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In My Opinion: Innovation as a Competitive Advantage

Michael Overstreet
It seems that you can’t pick up a business publication or read business news on the Internet today without virtually tripping over the word “innovation.” A parallel can be drawn between our current fascination with innovation and the allure of “quality” in decades past. But what is this thing called innovation and what are the challenges of a changing world that affect its process and implementation?

At its core, innovation is about the creation of something new. According to the Web site, there are eight basic angles to innovation including the development of new business model and brand experiences.

Businesses throughout time have innovated on some combination of these eight basic angles. Every day, beauty industry companies report the release of new products, the implementation of new business models, new strategic partnerships and so much more. The challenge for companies is to develop an innovation strategy that will allow them to compete and succeed in a constantly changing world.

Today, elements beyond our control are changing and creating change at warp speed. Harnessing the power of this rapid change is the first step in using innovation to our competitive advantage. In their book Revolutionary Wealth, Alvin and Heidi Toffler discuss at length what they call deep fundamentals—resources critical to the creation of wealth. The first such element is time. Technological innovations continue to compress time in both our professional and our personal lives. Be honest. Is your Blackberry, laptop or cell phone in your hand or within your reach as you read this? If so, you realize that our expectations relative to response time continue to be compressed. We are the want-it-now society, and this trend is going global. Further, technology puts on-demand access to real time information, technology and capital at our fingertips.

The second element is space. There was a time when we competed in our own communities for education, employment and capital. The same technologies that are compressing time also are compressing space, and we find ourselves competing well beyond our own communities in a truly global market.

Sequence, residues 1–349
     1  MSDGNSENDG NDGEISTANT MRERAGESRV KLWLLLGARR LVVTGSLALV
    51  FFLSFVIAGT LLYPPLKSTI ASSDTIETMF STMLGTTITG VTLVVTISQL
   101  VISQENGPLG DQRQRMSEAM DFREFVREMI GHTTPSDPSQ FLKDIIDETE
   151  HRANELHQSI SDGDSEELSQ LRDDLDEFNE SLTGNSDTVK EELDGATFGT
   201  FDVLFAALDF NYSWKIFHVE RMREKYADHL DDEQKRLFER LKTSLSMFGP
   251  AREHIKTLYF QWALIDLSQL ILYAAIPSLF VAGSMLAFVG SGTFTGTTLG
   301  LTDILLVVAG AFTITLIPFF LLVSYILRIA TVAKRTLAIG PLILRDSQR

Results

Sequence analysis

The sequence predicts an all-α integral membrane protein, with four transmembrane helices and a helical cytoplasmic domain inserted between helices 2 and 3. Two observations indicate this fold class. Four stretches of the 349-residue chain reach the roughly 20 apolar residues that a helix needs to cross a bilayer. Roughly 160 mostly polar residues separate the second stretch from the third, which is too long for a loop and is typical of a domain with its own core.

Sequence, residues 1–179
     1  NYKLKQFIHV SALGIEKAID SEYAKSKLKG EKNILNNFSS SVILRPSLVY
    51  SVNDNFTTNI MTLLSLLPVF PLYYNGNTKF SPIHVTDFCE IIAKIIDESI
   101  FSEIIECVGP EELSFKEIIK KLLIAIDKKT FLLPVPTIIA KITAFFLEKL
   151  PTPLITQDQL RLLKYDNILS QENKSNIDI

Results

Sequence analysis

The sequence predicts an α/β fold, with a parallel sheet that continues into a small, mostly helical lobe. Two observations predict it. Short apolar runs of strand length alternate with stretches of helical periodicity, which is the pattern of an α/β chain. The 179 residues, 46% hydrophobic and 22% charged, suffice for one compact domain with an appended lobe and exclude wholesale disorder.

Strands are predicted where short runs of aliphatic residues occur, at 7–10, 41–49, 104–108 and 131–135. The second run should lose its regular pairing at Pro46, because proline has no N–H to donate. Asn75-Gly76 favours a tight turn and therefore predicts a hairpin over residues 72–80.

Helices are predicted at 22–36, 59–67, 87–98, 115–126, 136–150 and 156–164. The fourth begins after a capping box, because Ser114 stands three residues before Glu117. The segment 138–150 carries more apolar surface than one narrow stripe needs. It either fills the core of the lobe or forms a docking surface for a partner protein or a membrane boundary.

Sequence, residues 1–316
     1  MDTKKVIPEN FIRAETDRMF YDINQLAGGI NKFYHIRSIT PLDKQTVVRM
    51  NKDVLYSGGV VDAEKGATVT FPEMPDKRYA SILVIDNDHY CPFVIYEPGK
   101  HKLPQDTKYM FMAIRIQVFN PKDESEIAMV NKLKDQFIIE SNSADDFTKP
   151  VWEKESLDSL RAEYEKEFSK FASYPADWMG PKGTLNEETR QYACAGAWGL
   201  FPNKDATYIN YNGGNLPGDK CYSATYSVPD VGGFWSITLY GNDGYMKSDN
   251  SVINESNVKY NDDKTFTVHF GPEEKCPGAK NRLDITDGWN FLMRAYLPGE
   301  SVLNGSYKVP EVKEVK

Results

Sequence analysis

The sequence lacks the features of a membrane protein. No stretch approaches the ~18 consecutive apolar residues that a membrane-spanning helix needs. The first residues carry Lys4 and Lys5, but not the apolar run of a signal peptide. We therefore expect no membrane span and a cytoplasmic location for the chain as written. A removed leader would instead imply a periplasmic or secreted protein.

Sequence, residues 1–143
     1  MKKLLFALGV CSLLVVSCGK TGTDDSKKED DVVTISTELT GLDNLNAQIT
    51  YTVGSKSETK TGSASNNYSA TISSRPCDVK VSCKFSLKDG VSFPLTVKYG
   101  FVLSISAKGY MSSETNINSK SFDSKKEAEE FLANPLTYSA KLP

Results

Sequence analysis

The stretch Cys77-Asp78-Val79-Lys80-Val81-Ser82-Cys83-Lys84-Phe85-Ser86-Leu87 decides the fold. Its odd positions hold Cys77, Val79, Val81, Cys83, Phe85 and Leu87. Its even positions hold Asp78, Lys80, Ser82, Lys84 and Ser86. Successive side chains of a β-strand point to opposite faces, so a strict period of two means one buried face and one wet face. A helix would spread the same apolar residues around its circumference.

Today, the choices available to us in all aspects of life continue to expand—creating stress, confusion and uncertainty. We have transitioned from massification—one size fits all—to what experts today call demassification, also known as mass customization. Ketchup is ketchup right? Why do we need different flavors and spices? Where and how products and services are available is all part of the element of space. Technology is great when it works but it can be a real pain when it doesn’t—and finding a fix might be even more frustrating. These expanding choices and their resulting stresses are no longer limited to our own space but have been exported to developing countries.

Lastly, knowledge is rapidly becoming the wild card of future success and innovation. Look at what’s been going on in China, India, Brazil and Russia. China’s strategy has been to leverage its 1.3 billion people into the dominant global production workforce, while the government in India has pushed higher education and has grown world-class services and technology sectors. An innovation strategy in a new global environment suits them well.

It can be argued that innovation is the result of creating an environment and a culture that encourages risk taking and exploration. It comes from organizations that promote critical thinking and challenge traditional theory and practice. Innovation may come from all levels of an enterprise when marketplace priorities have been clearly articulated. Innovation is the result of human engagement; therefore, if one does not create an organizational culture that promotes human engagement, innovation can be stymied. Some organizations condition employees to keep their good ideas to themselves. The key for any organization is to understand innovation as a competitive advantage, create a supportive culture and to pay for people’s minds rather than their time.

The beauty and personal care markets are not exempt from the eight angles of innovation but rather fully engaged with new product developments, new business models, new distribution models, new channel partnerships, new business processes and new brand experiences. While the challenges are many and competition is fierce, innovation may very well be one of our competitive solutions. Innovate to compete and succeed.


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